Dordt pupil teaches ag at Rock Valley

Eighth-graders Diego Palma-Villar and Angel Gasca receive instruction from Rock Valley High School student teacher Jacob Van Der Wilt. The 23-year-old is a Dordt University senior and began assisting with agriculture education teacher Micah Weber’s classes at the start of the semester.

ROCK VALLEY—Jacob Van Der Wilt had only heard positive things about the Rock Valley School District’s agriculture education program, which is a major reason he chose to student-teach there.

“Even Rock Valley students going to Dordt, ‘They’re like, Oh man, I already learned this with Mr. Weber,” Van Der Wilt said, referring to Rock Valley ag teacher Micah Weber.

“The amount of effort and attention to what’s happening in the class, I really wanted to see how he did it because I haven’t heard a bad thing about what he does.”

The 23-year-old senior at Dordt University in Sioux Center began student-teaching in Weber’s classes at the start of the semester after having visited the school twice a week in the fall to observe the lessons. He is pursuing a bachelor’s degree in agriculture education and is set to graduate in May.

Van Der Wilt grew up on a farm about a mile north of Middleburg and graduated from Boyden-Hull High School in Hull in 2016. He still resides at his family farm — which grows corn and soybeans and raises cattle and hogs — and works there while not student teaching.

He spoke about how his academic major was a way to combine his farming background and desire to work with kids.

“I got to college and I’m like, ‘Well, maybe try tying those two things together, working with kids and working with agriculture,’ so that’s how I got to that point,” Van Der Wilt said.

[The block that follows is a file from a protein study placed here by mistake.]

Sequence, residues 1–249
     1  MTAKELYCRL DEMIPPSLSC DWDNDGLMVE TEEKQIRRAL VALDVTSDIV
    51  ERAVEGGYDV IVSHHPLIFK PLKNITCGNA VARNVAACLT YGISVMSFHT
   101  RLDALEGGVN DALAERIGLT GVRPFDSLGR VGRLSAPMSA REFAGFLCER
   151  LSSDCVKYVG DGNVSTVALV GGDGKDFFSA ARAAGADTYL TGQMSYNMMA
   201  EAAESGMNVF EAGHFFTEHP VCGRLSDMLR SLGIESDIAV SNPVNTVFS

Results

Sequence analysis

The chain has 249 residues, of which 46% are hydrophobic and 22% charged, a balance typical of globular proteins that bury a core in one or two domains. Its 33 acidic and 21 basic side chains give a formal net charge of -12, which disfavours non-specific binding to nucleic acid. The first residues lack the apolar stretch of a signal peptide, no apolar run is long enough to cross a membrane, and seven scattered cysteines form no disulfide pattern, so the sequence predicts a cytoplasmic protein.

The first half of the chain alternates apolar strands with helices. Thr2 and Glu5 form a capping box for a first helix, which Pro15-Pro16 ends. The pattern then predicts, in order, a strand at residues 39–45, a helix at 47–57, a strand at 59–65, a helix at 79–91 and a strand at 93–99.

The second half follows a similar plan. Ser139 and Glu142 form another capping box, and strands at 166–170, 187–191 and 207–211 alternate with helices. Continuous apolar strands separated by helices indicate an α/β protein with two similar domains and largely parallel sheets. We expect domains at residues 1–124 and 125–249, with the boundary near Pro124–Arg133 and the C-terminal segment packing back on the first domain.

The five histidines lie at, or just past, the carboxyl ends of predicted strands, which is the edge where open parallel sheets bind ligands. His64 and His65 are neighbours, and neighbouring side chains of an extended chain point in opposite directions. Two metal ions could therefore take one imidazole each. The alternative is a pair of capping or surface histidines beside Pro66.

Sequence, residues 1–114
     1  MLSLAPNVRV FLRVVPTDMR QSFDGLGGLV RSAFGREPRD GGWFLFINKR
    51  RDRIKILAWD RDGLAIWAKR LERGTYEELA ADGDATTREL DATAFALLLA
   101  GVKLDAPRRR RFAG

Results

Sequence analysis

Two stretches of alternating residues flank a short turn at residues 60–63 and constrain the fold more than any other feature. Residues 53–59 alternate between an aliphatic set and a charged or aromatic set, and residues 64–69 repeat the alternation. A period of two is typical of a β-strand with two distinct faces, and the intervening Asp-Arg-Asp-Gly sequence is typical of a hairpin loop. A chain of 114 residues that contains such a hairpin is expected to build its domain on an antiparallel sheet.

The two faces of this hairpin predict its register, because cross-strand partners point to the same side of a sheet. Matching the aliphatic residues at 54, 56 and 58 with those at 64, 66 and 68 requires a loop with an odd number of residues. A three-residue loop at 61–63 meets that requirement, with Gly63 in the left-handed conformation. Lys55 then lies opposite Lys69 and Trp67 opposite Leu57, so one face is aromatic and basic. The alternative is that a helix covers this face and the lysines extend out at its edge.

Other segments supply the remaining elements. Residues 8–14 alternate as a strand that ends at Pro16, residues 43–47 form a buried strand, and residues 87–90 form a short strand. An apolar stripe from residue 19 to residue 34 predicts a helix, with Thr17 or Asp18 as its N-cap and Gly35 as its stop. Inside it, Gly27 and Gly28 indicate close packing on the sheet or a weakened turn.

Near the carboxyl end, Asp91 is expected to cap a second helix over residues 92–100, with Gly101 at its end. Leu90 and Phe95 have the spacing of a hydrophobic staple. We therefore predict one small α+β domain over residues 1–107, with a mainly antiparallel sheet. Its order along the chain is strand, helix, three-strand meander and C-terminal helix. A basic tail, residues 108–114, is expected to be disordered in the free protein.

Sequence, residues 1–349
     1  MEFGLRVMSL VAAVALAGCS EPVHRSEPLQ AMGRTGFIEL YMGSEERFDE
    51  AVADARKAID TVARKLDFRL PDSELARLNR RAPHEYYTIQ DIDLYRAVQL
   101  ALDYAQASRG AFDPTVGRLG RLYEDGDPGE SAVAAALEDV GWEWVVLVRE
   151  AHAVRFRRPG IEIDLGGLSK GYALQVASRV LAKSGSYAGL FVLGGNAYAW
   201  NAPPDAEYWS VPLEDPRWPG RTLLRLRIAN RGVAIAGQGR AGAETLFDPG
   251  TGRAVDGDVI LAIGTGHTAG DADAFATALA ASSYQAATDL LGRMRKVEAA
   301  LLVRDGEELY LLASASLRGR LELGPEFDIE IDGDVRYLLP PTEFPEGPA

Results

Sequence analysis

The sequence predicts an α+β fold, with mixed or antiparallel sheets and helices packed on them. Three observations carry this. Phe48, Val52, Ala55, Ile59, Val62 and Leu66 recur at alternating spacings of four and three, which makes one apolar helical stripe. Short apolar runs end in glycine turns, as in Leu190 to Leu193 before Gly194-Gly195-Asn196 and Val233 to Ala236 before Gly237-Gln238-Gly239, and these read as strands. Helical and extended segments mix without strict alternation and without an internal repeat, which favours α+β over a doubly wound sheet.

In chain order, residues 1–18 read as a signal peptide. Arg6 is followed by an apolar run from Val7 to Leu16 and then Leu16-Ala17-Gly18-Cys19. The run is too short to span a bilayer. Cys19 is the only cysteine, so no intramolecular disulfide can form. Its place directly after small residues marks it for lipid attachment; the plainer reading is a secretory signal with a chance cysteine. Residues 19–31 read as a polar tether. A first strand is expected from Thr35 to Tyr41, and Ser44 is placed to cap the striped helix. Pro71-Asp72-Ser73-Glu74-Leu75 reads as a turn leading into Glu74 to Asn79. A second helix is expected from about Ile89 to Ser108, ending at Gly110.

One of the classes he has helped lead at Rock Valley is the agriculture exploratory class that runs for six weeks and is required for all eighth-graders. The goal of the course is to expose the students to agricultural concepts and potentially pique their interest in taking more ag classes in high school.

Van Der Wilt said some of the students may have grown up on a farm and are already familiar with the agriculture industry, while others do not come from such a background or may not be excited to learn about agriculture.

“Even if a student doesn’t pursue ag in high school, they’re still able to be part of the conversation when someone is talking about cattle, hogs, sheep, goats, all those kinds of things,” Van Der Wilt said.

Other classes in which he is assisting include Weber’s agriculture manufacturing course and his freshman ag course.

Students in the latter class did not have a chance to complete their eighth-grade ag exploratory last academic year due to the early closure from the coronavirus pandemic. As a result, they went through a faster-paced version of the class to get them caught up.

He and Weber also have had the students consider practical applications for the content they discuss in class instead of just learning about ag topics in the abstract.

“We’re doing things like designing feedlots, coming up with breeding plans for hogs and cattle, trying to do a little more real-world application stuff rather than just reading about it, hearing about it,” Van Der Wilt said. “Let’s actually do something with it and work with it.”

After Van Der Wilt graduates from Dordt, he plans to remain in N’West Iowa to continue helping on his family farm. In the meantime, he plans to keep an eye out for ag teaching openings in the area.

“I haven’t applied anywhere because around here, there haven’t been any jobs open, but that’s OK,” he said. “In the future, if it’s a year or two down the line and something opens, I’m definitely planning on applying.”